If we truly got what we wanted for Christmas, Christmas would be over. We would never experience the fun of receiving presents again if we received the true object of our desires. Imagine you got a present that truly, finally satisfied you for Christmas in 2006. Would Christmases 2007-2016 not have been left hollow disappointments?
Furthermore, a present is better when it remains wrapped. A still-wrapped present contains the potential to be Lacan’s objet petit a (Lacan: The Four Fundamental Concepts of Psycho-analysis), the object cause of desire. This is the unattainable object Lacan says we not only desire, but the loss of which causes desire itself. If it were received, the ‘phenomenology of the gift’ (Lacan: Introduction to the Names-of-the-Father Seminar) would be rendered impotent. Have we not all experienced the excitement of receiving a package in the post, and the delight of opening it, only to find it quickly fades once we have the contents in our hands? The commodity, however precious, can never match up to its promise to fulfil our desire for the cause of desire itself.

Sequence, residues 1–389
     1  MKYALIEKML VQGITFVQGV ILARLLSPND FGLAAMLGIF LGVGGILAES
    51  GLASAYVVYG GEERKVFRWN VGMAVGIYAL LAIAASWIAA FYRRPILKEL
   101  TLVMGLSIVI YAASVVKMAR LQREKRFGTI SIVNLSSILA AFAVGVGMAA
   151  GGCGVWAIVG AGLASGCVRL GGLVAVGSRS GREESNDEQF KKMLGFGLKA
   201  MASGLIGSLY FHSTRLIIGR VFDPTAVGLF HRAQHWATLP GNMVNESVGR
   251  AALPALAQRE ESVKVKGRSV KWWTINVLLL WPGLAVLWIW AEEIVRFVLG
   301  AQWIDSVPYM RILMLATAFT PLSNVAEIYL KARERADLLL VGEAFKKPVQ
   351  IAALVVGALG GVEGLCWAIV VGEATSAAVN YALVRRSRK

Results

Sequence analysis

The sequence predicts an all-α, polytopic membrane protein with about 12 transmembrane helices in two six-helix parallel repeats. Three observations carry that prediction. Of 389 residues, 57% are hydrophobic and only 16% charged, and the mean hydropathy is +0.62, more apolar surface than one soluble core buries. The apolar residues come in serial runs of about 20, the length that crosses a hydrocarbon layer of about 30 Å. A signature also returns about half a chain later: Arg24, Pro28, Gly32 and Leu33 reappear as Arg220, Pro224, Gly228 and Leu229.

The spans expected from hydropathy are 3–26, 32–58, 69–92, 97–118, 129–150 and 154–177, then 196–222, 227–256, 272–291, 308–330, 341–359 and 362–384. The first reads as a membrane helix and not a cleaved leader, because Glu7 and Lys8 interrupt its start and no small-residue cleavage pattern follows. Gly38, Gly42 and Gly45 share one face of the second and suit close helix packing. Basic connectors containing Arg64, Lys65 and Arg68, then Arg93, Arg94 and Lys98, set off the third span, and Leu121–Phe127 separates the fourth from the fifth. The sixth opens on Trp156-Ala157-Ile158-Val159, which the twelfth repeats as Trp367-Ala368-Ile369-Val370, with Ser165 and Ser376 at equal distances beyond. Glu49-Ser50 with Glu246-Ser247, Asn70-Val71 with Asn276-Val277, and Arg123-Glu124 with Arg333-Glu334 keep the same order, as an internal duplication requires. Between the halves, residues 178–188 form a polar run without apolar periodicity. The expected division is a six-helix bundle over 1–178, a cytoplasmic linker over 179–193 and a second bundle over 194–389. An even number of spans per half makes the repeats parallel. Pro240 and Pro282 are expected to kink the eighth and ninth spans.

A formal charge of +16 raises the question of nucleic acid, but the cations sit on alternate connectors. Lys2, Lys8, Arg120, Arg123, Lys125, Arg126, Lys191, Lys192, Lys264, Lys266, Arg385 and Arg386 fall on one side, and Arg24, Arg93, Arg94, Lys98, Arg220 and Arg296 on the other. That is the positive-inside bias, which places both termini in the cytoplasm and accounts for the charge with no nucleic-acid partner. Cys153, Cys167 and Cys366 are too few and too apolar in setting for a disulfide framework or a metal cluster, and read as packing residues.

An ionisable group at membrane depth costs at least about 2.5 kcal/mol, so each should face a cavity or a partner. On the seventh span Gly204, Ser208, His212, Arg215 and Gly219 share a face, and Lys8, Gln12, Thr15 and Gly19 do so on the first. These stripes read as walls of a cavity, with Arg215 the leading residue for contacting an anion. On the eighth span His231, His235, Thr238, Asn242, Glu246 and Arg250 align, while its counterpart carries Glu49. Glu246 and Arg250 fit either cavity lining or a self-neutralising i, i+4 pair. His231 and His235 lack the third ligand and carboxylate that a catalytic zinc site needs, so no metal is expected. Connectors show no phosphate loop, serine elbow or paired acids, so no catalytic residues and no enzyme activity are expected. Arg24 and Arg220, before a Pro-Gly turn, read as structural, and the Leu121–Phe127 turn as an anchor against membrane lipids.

Is part of the appeal of heroin addiction for the addict not the reduction of the objet petit a to a single, available commodity? As desire is simplified, so is life. The object cause of desire is rendered attainable: the desire is for heroin, and the object cause is itself heroin. The addict is thus totally satisfied once they have it (until of course, more is needed). Perhaps this can even account for the higher rates of addiction in poorer communities where the temporary satisfaction of the desire for the objet petit a cannot be so easily afforded in the acquisition of the fetishised commodity? For capitalism is an endless pile of unwrapped presents, each one turning out to contain ill-fitting socks from your grandmother. Each acquisition promises fulfilment, each disappoints and pushes us to open the next. Like the addict, we are satisfied only until the next fix is needed.